Monday, Nov. 03, 2008

War in the Caucasus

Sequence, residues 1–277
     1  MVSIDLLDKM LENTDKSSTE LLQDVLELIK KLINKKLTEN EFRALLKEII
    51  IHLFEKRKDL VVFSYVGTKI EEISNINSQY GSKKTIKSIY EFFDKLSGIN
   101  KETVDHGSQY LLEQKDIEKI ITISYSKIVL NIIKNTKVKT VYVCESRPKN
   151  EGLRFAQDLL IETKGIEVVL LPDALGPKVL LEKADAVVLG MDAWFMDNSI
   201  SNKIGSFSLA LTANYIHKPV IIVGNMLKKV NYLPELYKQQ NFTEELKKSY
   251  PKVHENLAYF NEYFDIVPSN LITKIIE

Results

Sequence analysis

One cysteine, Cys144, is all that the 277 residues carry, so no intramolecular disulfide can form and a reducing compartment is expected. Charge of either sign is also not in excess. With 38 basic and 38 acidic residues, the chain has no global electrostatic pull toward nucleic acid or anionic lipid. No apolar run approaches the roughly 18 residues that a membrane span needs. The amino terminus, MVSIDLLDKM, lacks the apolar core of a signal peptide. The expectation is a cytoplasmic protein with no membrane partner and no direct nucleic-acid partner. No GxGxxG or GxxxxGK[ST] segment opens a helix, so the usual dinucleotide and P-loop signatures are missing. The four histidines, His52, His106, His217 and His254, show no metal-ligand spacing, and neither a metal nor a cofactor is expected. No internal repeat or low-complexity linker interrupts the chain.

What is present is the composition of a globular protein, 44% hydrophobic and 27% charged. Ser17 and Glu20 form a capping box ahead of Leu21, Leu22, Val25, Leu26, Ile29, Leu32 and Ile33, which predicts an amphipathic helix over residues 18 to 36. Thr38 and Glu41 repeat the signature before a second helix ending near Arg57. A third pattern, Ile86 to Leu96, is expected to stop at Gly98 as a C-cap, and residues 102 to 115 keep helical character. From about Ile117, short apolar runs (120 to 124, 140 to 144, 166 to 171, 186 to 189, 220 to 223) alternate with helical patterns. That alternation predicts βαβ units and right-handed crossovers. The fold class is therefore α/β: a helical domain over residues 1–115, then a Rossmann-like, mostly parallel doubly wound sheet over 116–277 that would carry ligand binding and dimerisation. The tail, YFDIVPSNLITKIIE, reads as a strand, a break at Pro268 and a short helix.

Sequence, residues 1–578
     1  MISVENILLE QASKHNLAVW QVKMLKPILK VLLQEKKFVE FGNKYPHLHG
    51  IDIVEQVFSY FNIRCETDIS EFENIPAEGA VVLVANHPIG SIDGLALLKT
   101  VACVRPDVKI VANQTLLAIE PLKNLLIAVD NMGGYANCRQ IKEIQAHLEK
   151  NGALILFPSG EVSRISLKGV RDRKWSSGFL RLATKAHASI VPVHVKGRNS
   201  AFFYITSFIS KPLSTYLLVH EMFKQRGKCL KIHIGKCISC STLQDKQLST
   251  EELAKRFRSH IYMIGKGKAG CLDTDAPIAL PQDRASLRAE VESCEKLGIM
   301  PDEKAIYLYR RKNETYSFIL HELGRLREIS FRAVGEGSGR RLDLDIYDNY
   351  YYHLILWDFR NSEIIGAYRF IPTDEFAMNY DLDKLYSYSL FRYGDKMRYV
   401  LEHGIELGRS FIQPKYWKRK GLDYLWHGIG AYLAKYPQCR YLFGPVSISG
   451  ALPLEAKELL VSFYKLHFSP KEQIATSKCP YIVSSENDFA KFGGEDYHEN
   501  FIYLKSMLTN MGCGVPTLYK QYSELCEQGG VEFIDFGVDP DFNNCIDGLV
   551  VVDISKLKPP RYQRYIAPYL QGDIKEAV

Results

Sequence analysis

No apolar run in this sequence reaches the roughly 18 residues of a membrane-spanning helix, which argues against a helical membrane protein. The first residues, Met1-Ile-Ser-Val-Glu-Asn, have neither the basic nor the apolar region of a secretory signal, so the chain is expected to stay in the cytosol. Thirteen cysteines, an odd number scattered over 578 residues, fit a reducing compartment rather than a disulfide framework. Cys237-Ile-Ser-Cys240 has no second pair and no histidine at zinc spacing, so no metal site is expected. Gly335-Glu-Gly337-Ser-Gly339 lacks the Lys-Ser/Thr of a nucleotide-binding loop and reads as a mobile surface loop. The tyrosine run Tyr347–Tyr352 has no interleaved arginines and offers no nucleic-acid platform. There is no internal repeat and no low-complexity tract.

Vladimir Putin, TIME'S 2007 Person of the Year, may no longer be President of Russia, but his vision of a resurgent empire was given steel in August when Russian tanks rolled into South Ossetia — a breakaway province of the NATO-aspirant former Soviet republic of Georgia. The confrontation began when Georgian forces launched attacks on South Ossetia, but the Russian forces pushed deep into Georgia, sending a brutal message that Moscow would brook no interference in its backyard from an expansive NATO or tolerate challenges by Georgia's nationalist President Mikheil Saakashvili. Neither the U.S. nor Europe was able to muster an effective response: neither had the wherewithal or appetite for a military confrontation with Russia, and the Europeans are mindful of the fact that much of their oil and natural-gas supply is controlled by Moscow. The Europeans eventually brokered a peace agreement, largely on Moscow's terms. (Aug. 7)